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SYPHILIS OF THE INNOCENT

A Study of the Social Effects of
Syphilis on the Family and the Community

With 152 Illustrative Cases

Made under a Grant from the

United States Interdepartmental Social Hygiene Board

BY

HARRY C. SOLOMON, B.S., M.D.

Chief of Therapeutic Research, Boston Psychopathic Hospital
Instructor in Psychiatry and Neuropathology, Harvard Medical School

AND

MAIDA HERMAN SOLOMON, A.B., B.S.

Research Social Worker,
Boston Psychopathic Hospital, Boston

WASHINGTON

UNITED STATES INTERDEPARTMENTAL
SOCIAL HYGIENE BOARD

1922

Copyright, 1922, by
HARRY C. SOLOMON

N33
5 68
1922

PREFACE

For some years we have been interested in the family of the syphilitic. This interest has extended beyond the purely medical problems to the social effects of syphilis. There has come the realization that in many instances syphilis is a disease which invades the family. The family being but a unit of the community, it follows that the communal structure is also involved. The United States Interdepartmental Social Hygiene Board has granted us funds for the study and investigation of problems related to the familial and social aspects of syphilis. The results of several studies have been published in current journals, but as our investigations increased it seemed to be more satisfactory to publish them as a unit rather than as separate entities. We have attempted to present the subject of syphilis in its social aspects, portraying the practical problems as they actually arise in the handling of syphilitic cases, and illustrating the text with cases from the clinic. It is our hope that we have been able to show that the problems of syphilis are many more than those of purely medical interest.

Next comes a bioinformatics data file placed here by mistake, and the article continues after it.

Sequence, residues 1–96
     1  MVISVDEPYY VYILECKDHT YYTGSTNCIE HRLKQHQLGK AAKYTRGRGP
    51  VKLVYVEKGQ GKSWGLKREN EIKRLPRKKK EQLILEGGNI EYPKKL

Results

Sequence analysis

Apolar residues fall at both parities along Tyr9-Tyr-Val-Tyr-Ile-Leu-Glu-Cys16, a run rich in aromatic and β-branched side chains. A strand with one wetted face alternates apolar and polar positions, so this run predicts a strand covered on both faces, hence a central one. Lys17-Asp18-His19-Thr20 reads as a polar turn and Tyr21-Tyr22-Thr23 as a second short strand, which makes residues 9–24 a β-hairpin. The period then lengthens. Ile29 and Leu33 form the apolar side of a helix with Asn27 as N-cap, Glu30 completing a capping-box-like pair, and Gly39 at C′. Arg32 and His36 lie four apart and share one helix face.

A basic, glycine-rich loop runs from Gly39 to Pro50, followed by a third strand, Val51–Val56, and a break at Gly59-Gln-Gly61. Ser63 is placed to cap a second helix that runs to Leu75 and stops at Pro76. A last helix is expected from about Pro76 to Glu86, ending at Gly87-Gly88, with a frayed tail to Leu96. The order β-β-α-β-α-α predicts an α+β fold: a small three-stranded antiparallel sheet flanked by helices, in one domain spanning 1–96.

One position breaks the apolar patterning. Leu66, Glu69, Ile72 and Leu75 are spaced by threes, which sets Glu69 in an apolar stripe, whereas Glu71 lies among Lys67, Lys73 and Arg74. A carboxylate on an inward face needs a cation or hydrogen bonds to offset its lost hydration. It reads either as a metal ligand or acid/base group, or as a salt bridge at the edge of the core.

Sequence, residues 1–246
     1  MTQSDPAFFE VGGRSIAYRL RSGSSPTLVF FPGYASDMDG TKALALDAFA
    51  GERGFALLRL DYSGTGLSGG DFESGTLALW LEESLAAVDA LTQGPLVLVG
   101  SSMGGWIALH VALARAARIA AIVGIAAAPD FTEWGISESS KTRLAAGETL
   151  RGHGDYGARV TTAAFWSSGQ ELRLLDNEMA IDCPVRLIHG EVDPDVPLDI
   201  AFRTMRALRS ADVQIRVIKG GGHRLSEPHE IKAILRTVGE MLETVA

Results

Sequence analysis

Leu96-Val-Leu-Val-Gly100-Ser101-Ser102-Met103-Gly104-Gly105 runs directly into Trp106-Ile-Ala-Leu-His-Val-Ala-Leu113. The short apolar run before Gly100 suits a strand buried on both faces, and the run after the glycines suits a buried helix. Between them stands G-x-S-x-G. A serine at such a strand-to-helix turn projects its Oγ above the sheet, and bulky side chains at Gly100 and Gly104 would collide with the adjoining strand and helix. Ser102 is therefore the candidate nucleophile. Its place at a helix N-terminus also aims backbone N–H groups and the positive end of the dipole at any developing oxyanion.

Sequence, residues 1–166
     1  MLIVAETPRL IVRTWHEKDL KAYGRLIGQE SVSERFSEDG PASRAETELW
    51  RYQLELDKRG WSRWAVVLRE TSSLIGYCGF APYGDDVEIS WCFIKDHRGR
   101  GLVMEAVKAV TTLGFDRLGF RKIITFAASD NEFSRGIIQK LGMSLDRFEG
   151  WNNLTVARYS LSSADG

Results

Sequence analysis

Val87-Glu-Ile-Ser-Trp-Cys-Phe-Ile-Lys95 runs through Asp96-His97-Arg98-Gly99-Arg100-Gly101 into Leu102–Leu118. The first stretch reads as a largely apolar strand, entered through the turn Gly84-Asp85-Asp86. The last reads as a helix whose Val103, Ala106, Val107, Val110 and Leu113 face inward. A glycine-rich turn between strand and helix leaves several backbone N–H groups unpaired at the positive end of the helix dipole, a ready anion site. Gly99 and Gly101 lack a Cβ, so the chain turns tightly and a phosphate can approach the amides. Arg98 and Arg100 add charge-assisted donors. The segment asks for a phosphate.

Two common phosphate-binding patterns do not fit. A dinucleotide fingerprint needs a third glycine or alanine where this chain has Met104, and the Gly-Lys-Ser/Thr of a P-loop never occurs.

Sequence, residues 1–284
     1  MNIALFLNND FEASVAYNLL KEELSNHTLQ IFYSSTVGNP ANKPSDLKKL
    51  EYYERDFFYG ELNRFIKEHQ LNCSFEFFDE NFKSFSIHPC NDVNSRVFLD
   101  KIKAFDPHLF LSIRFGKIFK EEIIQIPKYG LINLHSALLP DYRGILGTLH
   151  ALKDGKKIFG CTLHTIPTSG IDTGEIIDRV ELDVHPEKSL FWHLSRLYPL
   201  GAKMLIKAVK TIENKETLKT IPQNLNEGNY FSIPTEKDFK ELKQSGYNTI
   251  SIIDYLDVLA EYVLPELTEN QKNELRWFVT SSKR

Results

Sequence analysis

Acknowledgment must be made first of all to the United States Interdepartmental Social Hygiene Board whose grant of funds made it possible to carry on many of the investigations and to collect and publish the material here presented. Our revered former chief, Dr. E. E. Southard, suggested the idea of presenting our work in the form of a monograph. While his untimely death prevented him from giving the oversight and advice that he otherwise would have done, we hope that we have profited to some extent by what he did give us.

While the major portion of the material comes from our clinic at the Boston Psychopathic Hospital, we have fortunately been able to collect material from several other sources. We would especially acknowledge our indebtedness to the following persons and institutions :

Dr. C. Morton Smith, physician in chief of the South Medical Department of the Massachusetts General Hospital, Boston,

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